These two wronged women find themselves on different paths in a very dark place, each searching for redemption, peace, or perhaps closure—until the end, when their stories collide in a trademark Unger twist that explores the book’s fundamental question: what is the difference between justice and revenge?

It’s a theme Unger has grappled with throughout her career, represented somehow in each of her 16 published works, most of which have won multiple awards, or topped the bestseller charts. Unger’s work has, indeed, been translated into 26 languages, with more than a staggering two million copies sold.

The statistics don’t inspire Unger—people do.

“I have many theories about what it takes to get through the worst things in your life and find a new normal,” she says. “I am perpetually fascinated with this concept. The idea that if you exact the right punishment you can elicit some kind of balance.”

Unger now believes that’s a fallacy—that sometimes, it’s okay to just let go, or that there should be a way to broker peace without pain.

Snowshoeing in New Mexico.

For each of the main characters in THE RED HUNTER, that “peace” is deftly navigated by the careful crafting of their relationships. Claudia, still in love with her husband and with unabashed love for her daughter regardless of her DNA, seeks peace through blogging about the restoration of an old house that, unbeknownst to her, carries a dark secret and unfinished business. It might have been easier to look for the negatives, but Unger didn’t want to go there.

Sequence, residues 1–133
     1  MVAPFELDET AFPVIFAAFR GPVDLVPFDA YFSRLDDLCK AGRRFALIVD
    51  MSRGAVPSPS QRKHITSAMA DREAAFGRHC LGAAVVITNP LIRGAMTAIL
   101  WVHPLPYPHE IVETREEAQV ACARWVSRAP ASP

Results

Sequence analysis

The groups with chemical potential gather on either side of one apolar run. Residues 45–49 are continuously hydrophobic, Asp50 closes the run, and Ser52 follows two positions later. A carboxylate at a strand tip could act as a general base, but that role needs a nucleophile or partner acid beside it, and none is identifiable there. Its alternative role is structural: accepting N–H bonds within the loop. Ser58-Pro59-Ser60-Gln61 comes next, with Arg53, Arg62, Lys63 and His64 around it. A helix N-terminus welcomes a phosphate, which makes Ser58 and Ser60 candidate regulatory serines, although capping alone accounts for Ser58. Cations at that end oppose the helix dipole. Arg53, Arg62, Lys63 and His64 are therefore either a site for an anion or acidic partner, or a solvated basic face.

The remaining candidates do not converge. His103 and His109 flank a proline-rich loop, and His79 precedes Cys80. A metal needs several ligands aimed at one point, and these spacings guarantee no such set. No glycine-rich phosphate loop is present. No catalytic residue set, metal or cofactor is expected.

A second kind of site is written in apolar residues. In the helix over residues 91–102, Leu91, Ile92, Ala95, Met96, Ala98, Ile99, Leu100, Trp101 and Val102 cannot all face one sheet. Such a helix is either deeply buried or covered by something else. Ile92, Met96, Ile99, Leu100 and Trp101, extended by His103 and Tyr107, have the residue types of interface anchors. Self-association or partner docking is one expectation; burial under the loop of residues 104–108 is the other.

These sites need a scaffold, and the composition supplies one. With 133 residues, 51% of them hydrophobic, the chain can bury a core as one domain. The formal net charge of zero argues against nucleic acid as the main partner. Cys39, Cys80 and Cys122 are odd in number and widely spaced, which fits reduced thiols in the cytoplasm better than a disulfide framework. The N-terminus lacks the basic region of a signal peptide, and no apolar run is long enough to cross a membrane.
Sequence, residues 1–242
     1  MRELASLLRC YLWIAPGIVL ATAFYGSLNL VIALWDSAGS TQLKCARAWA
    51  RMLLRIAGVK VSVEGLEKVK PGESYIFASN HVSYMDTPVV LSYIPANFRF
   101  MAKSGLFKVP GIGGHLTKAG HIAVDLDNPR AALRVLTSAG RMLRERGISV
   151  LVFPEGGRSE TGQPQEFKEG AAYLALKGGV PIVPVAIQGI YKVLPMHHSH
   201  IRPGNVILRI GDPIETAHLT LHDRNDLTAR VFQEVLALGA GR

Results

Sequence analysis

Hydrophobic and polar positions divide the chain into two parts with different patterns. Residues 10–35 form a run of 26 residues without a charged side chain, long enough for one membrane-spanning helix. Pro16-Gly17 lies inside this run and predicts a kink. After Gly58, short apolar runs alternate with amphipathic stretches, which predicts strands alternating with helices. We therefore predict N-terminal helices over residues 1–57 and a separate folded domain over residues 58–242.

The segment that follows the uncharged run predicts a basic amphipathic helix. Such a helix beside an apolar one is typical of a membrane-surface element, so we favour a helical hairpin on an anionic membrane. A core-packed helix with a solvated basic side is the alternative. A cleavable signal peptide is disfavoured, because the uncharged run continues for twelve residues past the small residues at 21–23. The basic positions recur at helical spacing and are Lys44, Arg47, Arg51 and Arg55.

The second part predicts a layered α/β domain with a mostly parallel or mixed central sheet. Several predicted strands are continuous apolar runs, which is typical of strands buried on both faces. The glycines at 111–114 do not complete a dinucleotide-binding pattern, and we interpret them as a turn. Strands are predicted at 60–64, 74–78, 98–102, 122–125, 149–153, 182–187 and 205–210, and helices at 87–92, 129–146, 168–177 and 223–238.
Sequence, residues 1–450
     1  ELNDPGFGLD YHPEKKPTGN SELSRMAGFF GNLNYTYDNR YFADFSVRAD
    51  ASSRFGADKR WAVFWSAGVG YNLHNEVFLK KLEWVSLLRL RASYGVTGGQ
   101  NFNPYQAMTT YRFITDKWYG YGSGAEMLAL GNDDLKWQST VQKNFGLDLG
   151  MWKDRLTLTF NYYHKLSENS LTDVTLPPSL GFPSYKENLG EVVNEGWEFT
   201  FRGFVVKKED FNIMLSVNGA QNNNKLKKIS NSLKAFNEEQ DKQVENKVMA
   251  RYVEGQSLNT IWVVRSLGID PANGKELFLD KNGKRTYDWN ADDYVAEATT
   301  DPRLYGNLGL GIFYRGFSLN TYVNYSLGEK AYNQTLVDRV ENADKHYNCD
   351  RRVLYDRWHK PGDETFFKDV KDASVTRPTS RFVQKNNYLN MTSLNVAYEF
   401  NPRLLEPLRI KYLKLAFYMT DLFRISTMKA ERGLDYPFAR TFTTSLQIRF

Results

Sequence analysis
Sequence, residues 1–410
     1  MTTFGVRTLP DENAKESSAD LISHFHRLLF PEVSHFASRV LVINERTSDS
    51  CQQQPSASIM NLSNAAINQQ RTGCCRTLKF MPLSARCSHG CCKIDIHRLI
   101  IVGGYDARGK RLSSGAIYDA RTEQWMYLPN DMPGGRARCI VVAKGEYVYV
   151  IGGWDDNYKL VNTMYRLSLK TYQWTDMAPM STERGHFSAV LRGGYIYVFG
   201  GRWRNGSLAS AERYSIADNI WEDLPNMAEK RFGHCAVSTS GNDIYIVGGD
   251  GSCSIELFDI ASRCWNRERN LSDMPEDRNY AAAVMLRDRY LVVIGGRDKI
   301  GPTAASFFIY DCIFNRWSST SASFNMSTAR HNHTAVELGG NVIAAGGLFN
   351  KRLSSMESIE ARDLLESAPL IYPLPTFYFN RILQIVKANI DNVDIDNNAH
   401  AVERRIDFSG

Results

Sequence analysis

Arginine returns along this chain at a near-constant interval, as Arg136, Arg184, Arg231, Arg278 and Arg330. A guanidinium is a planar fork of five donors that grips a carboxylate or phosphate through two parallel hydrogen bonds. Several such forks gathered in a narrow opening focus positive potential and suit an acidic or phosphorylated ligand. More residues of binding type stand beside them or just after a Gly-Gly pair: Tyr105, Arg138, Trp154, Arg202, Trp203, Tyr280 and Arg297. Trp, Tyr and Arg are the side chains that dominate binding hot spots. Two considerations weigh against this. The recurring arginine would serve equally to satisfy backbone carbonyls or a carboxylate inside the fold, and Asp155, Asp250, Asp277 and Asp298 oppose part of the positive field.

For inspiration, she studied Andrew Solomon’s book, Far From the Tree, which explores relationships in which the child is very different from the parent. The response to that difference—circumstantial or planned—fundamentally comes down to the individuals within the situation.

“Claudia’s relationship with her daughter evolved naturally for me,” Unger says, admitting she drew from her own experiences to authenticate the mother/child bond. While her daughter, Ocean, is younger than Raven, the bond is ultimately forged in the same way, not by some parenting rulebook, but rather a deep understanding of each other.

“So much of the person you are as a parent has to do with the child,” she says. “With Ocean, I trust her. She’s honest and smart and spunky. Which makes it easier for me to be less the over-protective, semi-paranoid parent I thought I would be. She’s fully aware of the darkness in the world.”

A darkness that Unger takes to whole new levels in her chilling psychological fiction—and then is able to leave behind when it comes to transforming from a renowned thriller author to wife of 16 years, and “ordinary” mom.

“The part of my brain I use for writing is not the same part that helps my daughter with homework,” she says. “I’m pretty good at compartmentalizing. My husband likes to joke that he’s number four—after Ocean, the dog, and the writer, but that’s not quite true. As a writer, I’m engaged, always striving to do better and be authentic as I can be. And I have those same goals as a wife and a mom.”

Dawn Ius